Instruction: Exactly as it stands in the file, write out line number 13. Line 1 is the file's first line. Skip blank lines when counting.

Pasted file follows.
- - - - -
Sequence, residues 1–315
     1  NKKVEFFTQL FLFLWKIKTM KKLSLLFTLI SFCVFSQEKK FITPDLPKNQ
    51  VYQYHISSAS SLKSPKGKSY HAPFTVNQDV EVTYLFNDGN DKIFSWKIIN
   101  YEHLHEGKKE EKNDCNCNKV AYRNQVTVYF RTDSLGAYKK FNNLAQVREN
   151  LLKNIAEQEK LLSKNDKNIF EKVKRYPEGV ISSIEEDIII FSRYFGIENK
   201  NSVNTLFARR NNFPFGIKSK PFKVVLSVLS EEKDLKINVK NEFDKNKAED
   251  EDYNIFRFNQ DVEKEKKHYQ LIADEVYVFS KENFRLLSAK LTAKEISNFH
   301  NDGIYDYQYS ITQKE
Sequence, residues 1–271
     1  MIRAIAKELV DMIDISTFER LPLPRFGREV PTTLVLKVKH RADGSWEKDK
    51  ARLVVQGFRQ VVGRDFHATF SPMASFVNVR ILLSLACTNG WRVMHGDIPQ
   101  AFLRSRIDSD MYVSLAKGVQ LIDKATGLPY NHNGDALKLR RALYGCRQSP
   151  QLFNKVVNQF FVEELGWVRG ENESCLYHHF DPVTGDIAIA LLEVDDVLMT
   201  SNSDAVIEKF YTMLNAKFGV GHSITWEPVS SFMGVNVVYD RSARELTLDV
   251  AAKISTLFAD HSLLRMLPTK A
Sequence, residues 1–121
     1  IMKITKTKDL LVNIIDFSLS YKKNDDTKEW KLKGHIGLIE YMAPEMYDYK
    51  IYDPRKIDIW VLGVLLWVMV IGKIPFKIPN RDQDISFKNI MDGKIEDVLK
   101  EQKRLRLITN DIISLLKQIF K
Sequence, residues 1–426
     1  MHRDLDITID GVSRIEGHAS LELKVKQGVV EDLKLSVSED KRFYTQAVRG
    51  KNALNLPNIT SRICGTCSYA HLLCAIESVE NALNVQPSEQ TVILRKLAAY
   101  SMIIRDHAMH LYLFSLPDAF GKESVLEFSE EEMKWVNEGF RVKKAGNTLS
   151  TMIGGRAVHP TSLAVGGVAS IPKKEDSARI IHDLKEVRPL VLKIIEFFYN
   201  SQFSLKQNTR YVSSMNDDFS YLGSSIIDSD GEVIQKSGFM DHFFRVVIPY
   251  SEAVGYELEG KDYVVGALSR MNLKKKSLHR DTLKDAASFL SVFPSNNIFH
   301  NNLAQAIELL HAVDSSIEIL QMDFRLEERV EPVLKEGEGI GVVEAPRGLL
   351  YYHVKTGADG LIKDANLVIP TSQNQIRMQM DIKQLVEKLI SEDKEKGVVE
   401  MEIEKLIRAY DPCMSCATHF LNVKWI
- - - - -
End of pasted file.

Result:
   151  QLFNKVVNQF FVEELGWVRG ENESCLYHHF DPVTGDIAIA LLEVDDVLMT